Here’s a very short video of us putting the MannersMinder to work. It’s a quite unusual example of how we use it because normally Barnum is staring very hard at the MannersMinder, willing it to deliver a treat. In the beginning, after he understood what it did, he’d actually rest his chin right in the machine’s bowl! I think he was probably not that hungry when we made this video clip for you, so he wasn’t concentrating his Stare Beam at the machine.
(If you’re reading this post in an email, you can see the video by clicking on this link.)
If your dog is already clicker-savvy, if he is “operant,” he will probably do what Barnum did when I first placed it on the floor — run over, check it out, and start trying out behaviors! It was very funny. He pawed at it. He walked around it. He hovered over it. He tried pawing it from different sides. He nudged it with his nose. He nudged it from different sides and angles and with differing intensity. (Yes, he was playing, “101 Things to Do with a MannersMinder.”) He nudged it with such increasing vigor and frequency (an extinction burst), that he actually shoved it across the floor and into my wall. I was very impressed with the design of the machine — obviously made to withstand exactly this treatment — that it did not tip over and spill out a ginormous jackpot of treats!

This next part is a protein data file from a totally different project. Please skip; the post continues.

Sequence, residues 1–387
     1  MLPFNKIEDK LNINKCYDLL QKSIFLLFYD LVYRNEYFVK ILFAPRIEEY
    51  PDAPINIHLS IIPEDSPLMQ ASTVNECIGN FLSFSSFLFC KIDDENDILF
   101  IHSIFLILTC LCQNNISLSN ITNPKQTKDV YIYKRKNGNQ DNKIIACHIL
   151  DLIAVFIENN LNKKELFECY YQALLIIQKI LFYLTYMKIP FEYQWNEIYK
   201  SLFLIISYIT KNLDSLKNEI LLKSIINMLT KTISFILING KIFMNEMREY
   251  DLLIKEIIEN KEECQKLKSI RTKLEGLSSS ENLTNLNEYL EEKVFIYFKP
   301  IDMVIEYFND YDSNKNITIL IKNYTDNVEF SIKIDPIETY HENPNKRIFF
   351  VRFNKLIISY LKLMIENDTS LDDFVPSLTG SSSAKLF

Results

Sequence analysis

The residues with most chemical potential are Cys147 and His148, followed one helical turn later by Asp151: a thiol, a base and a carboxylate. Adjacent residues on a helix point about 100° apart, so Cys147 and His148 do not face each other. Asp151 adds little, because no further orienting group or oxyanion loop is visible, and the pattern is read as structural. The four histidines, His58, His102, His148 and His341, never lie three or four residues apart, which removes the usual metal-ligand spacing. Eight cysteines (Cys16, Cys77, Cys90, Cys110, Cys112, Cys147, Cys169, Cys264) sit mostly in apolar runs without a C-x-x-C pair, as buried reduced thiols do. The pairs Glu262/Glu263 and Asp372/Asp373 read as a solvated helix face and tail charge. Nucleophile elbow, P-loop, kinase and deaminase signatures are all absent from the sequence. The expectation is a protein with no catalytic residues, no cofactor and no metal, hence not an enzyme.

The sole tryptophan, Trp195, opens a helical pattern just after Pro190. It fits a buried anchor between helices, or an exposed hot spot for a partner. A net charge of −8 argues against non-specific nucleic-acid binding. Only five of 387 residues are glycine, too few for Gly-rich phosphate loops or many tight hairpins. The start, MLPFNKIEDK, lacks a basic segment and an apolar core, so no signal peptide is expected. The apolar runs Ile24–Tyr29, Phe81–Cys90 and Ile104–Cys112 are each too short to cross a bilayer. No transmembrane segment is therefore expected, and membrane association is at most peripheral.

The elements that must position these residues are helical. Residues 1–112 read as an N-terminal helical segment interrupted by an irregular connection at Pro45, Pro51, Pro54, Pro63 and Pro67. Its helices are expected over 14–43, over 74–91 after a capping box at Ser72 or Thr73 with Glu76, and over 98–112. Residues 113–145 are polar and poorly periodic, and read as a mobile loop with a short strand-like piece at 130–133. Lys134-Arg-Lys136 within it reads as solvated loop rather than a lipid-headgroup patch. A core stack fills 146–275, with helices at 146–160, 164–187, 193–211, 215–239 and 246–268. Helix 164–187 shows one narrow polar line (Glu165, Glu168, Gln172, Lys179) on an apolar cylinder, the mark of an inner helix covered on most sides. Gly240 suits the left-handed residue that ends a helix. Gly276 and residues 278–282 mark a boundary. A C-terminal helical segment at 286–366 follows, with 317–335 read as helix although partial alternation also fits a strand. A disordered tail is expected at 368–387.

Barnum has occasionally whined and groused at it, though he’s not a barker, so he didn’t go into a barking fit. Because I didn’t press the remote when he tried out these undesirable behaviors, he gave them up. He has learned, over time, that the machine only pays up when he is lying down in front of it.
This is obviously a great tool for training static behaviors, but I can also see how it can be extremely useful for someone with a disability or a fatiguing condition to make training a number of behaviors easier, whether static or dynamic. Here are some examples.
- Exercising your dog when you aren’t able to take long, vigorous, or regular walks or throw a ball around can be difficult. You can play a variant of Sue Ailsby’s Training Levels’ “Come Game“ using the MM as your second person. You’re on the couch. The MM is at the opposite end of the house. You call your dog and give him a treat. Then you ask for a sit, and when he sits, you press the remote. The beep is his “click” for giving you the sit. He runs to the MM to snork up his kibble, and you call him. He runs back. Click/treat, ask for sit (or down or whatever). Beep him, he runs to get the treat. Lather, rinse, repeat. You combine training, exercise, and dinner.